Four communities in Kassena-Nankana West get mechanized boreholes to end water crisis

The Ghana International Foundation (GIF) provided funds to Community Legacy Initiative Programme for the provision of Mechanized Borehole. They donated an amount of GH¢185, 000 for 7 mechanized boreholes”

The beneficiary communities include Katiu-Saa, Kayoro, Chiana-Gwenia, and Pindaa. Three other similar facilities have been commissioned at the Walewale SHS, Naleirigu SHS, and Gambaga Girls SHS all in the North East Region.

Prior to the intervention, the communities depended on wells and other open water sources for drinking, cooking, and other domestic uses.

The consumption of unsafe water from the unwholesome sources aside from negatively impacting the socio-economic activities of residents also exposed them to health risks such as cholera, diarrhea, typhoid, and other related diseases.

The lack of access to potable water also affected education in the communities as school children spent long hours in search of water to prepare themselves for school. In most cases, the children did not return home with water and were not able to go to school or went to school exhausted by the long search and were not able to participate in teaching and learning.

Speaking at a ceremony to hand over the facilities to the communities, the Chief Executive Officer of CLIP, Paul Azeka Asia, stated that the daily struggles members of the communities, particularly women and children, go through in search of water for consumption and other uses necessitated the intervention.

Mr. Azeka said as an organization that has the vision to build healthy, safe, and sustainable communities, providing clean, safe water for rural communities was an agenda it would continue to pursue.

He expressed hopes about the transformation the mechanized boreholes would bring to the lives of the people and their economic activities. He was also hopeful the provision of the facilities would eliminate absenteeism caused by the lack of water to improve education in the communities.

He profusely thanked the donors and the Kassena-Nankana West District Assembly for their immense support towards the initiative.

“What we do at CLIP is to encourage communities to come out with good initiative that can help in the socio-economic development. One of our major intervention is water sanitation and hygiene. And so sometimes, a year ago, communities from this part of our country, precisely the Kassena-Nankana West District, made an appeal to us to come and support them get water interventions in their communities. And when we came round and made an assessment, we observed that the communities here really had difficulties in getting safe drinking water.

Largely, they depend on surface water which has health implications such as diarrhea, cholera, and other water-related diseases. And we also realized that the women and children spent longer hours daily in search of water at far way places which are not even wholesome water sources”.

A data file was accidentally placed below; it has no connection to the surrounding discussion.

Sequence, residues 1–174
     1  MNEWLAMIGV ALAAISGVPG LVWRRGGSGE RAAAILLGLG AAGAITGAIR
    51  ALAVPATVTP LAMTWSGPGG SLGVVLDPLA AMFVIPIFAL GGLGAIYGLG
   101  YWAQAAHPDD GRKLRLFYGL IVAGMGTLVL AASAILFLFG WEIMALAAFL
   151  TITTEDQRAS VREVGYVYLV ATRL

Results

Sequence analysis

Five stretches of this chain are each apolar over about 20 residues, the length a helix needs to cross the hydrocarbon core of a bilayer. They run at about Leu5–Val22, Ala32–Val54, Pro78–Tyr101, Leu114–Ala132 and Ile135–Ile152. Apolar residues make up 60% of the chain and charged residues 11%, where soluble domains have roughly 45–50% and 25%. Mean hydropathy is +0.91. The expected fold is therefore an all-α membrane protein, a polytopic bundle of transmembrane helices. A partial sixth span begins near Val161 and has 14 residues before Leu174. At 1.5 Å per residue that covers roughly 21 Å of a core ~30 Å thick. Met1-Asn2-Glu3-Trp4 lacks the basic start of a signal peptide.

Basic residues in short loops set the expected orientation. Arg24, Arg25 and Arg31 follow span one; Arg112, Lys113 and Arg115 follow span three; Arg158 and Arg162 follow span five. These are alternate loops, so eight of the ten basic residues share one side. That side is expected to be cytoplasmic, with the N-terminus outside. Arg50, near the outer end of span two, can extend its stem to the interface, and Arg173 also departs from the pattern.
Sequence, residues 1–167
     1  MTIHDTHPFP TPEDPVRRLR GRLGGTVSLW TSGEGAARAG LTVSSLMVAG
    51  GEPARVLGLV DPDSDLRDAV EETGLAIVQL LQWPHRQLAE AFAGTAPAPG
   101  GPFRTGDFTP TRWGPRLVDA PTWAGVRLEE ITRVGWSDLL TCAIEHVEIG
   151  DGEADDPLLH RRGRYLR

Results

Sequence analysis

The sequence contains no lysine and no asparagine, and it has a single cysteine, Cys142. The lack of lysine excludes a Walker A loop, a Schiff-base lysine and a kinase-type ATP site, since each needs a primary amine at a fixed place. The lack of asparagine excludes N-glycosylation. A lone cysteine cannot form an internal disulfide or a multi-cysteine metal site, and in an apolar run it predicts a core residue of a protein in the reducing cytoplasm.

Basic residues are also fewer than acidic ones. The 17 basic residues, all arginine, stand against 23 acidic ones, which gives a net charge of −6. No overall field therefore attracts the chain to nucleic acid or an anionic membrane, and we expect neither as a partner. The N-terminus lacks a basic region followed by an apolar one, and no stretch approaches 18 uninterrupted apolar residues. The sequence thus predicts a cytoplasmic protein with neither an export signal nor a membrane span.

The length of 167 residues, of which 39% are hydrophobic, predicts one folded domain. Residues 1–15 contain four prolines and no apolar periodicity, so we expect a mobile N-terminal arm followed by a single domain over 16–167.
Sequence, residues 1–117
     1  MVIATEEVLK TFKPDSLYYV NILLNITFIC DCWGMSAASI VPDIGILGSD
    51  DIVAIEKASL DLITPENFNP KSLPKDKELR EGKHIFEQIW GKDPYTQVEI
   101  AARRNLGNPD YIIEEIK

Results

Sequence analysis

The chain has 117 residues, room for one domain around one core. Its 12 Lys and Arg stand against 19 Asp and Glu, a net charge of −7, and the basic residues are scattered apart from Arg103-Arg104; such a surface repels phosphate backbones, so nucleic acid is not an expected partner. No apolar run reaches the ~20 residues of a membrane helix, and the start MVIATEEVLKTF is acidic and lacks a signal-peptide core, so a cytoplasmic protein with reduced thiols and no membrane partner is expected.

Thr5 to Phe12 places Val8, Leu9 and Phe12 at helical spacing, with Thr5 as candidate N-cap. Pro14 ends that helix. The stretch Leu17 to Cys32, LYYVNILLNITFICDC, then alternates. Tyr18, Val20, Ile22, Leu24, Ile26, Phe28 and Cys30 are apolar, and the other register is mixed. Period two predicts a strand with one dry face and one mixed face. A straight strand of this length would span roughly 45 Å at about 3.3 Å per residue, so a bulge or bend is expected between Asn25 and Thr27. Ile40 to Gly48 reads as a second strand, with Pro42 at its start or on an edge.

Aneateba Bertinus Akonsa, the Kassena-Nankana West District Engineer who represented the District Chief Executive, urged the communities to form committees to manage the facilities to ensure their sustainability.

He noted that the absence of such committees would lead to frequent breakdowns of the boreholes and their eventual collapse.

Mr. Aneateba thanked the organization for the intervention and assured them of the Assembly’s involvement in ensuring that the facilities are managed well for the benefit of the people.

Some members of the beneficiary communities in an interview expressed joy in the commissioning of the boreholes and conveyed mouthfuls of appreciation to the Community Legacy Initiative Programme for the intervention.

Wekolamo Joshua, a resident of Katiu-Saa said the challenges he and other community members endure to collect water from wells and other unsafe sources for consumption and other purposes would be a thing of the past.

He added that community members would no longer fall sick from diseases caused by the consumption of unsafe water as the safe drinking water from the borehole would improve their lives.

On the impact the facilities would have on education in the communities, Wekolamo Joshua said it would encourage children to go to school since there will always be water for them to prepare themselves.

Another community member, Jennifer Webakura, stated that the provision of the boreholes would mark the end of diseases such as diarrhea, cholera, and typhoid which have troubled the communities for a long time due to the consumption of unclean water.

She noted that community members especially women and children would no longer travel long distances or queue up to fetch water from the wells. She continued that women in the communities can now go about their daily commercial activities in the market without needing to rush home or wake up in the early mornings to draw water.

“When we used to drink from the wells, we usually had challenges with frogs, toads, crickets, and other insects which polluted the water. we’ll fetch the water and by the next day, these animals would die or emit some reddish matter in the water which makes it unsafe to drink. We also had the challenge of traveling to far places to search for water which wasn’t an easy thing for we the women and children.

But with the boreholes that have been provided, we now drink safe, clean water. We don’t roam in search of water again and we can go about our work on our farms and market without minding to come home early to fetch water because the water is always flowing,” she rejoiced.

Source: Senyalah Castro, Contributor (ghanaweb)

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